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Campaigning, Jewish-Style: Updates From Minnesota and Florida

Elections with an incumbent office holder are usually a referendum on the person already in office. That’s not necessarily the case in Minnesota, where the U.S. Senate contest may be more a reflection on Democrat Al Franken than on incumbent Republican incumbent Senator Norm Coleman for what’s become known as the state’s Jewish senate seat.

Comedian Franken, A former “Saturday Night Live” writer, has tried to make the election a referendum on Coleman’s support for President Bush. But it has been Franken’s own record that has faced the most scrutiny in a state trending Democratic. His old rape jokes from a reported SNL skit that never actually aired, or an old satirical column written for Playboy that drew the ire of many Minnesota Democratic leaders, might have played well in New York City, but not in what’s known as “Minnesota nice,” and failing to pay taxes was one of the indiscretions for which he was forced to apologize.

“You’re dealing with someone who came into this race the flawed candidate, and that has not improved for him,” said Jennifer Duffy, who analyzes Senate races for The Cook Political Report. “The opposition research [on Franken] fills about two 18-wheeled trucks, and the Coleman campaign has used it well and the [National Republican Senatorial Committee] has used it well,” she said.

Yet, a Princeton Survey Research Associates International poll released on October 3 gave Franken and national Democrats, who need the Minnesota seat to win a filibuster-proof 60-seat majority, reason for to be optimistic. The survey showed Franken leading Coleman 43% to 34%, and this represents Franken’s most significant lead in a race in which he has mostly trailed.

The negative advertising appears to be playing a role in his lead. More than half those polled described anti-Franken ads as “mostly unfair personal attacks.” Only 42% said the same about the anti-Coleman messages.

Common to both polls, however, is the spoiler role played by Independence Party candidate Dean Barkley, who served for two months as interim senator after the 2002 death of Democratic Minnesota senator Paul Wellstone. Barkley claimed 18% of support in the Princeton Survey poll conducted for the Minneapolis Star Tribune.

And down in Florida’s 18th Congressional District, Republican Ileana Ros-Lehtinen became the first Latina in Congress when she was elected in 1989. Now, Democratic Florida businesswoman Annette Taddeo hopes to become the first Jewish Latina sent to Capitol Hill. Colombian-born Taddeo represents one of the Democrats’ best hopes of electing a new Jew to Congress in a district that stretches from the beaches and downtown Miami to the Florida Keys.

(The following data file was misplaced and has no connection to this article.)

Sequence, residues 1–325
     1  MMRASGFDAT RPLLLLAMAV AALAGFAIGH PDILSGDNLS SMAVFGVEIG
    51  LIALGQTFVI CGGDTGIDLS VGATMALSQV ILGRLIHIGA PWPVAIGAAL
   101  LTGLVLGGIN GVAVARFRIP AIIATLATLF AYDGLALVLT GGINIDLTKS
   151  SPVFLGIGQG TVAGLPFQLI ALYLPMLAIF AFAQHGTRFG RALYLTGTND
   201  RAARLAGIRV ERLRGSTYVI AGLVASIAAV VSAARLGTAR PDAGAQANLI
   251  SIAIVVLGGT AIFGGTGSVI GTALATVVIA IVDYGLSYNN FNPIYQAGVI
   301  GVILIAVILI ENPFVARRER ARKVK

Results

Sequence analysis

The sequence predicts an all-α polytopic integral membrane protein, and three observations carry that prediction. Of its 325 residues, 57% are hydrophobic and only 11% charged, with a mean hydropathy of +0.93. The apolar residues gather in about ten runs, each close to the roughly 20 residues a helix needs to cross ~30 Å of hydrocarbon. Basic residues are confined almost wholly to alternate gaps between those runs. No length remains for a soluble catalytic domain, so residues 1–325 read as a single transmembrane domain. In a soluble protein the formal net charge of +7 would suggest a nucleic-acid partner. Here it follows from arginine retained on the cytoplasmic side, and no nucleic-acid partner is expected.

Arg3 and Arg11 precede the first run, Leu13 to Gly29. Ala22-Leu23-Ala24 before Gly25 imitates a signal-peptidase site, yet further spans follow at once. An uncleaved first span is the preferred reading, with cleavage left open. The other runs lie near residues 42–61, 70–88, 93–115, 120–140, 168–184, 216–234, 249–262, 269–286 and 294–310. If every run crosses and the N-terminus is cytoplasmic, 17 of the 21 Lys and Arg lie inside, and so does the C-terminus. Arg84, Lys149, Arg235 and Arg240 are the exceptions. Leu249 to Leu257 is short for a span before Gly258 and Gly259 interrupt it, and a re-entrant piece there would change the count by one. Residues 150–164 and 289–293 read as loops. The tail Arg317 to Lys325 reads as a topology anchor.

Taddeo, founder of a language-translation business with clients that have included Citigroup and the White House, hopes that her experience and the changing attitudes in the district with a large Cuban population will be major factors, given the economic downturn.

She frames the race as a choice between hiring “somebody who is a business woman and understands the economy and has had a business for 15 years, or somebody who has been in Washington for 19 years, who has been part of the entire atmosphere of deregulation and supported President Bush all the way.”

But Ros-Lehtinen has strong support in the district, winning 62% of the vote in 2006. She especially has support among older Cuban Americans. She has pushed for some of America’s toughest restrictions on Cuba. The former chair of the House foreign relations subcommittee also has been a strong proponent of sanctions against Iran.

“U.S. sanctions have hindered Iran’s ability to attract capital, materials, and technical support, and have created extensive and growing financial difficulties for the regime,” Ros-Lehtinen told the Institute for Contemporary Affairs during a visit to Israel last June, according to a recently released transcript. “Yet, although Congress has repeatedly passed sanctions legislation which has been signed into law, its implementation has been watered down or ignored by successive administrations.”

Taddeo is counting on a generational divide within the Cuban community. Younger Cubans, she notes, are more concerned about such economic issues as health care, the job market and the fallout of the real estate market than about isolating Cuba, which is a preoccupation among older generations.

One of the few policy areas in which Taddeo offers praise for Ros-Lehtinen is the latter’s support for Israel. But Taddeo thinks Jewish voters — estimated to encompass about 7% of the district in such areas including Coral Cables, Miami Beach and Pinecrest— are more in sync with her support of abortion rights, health care and separation of church and state.


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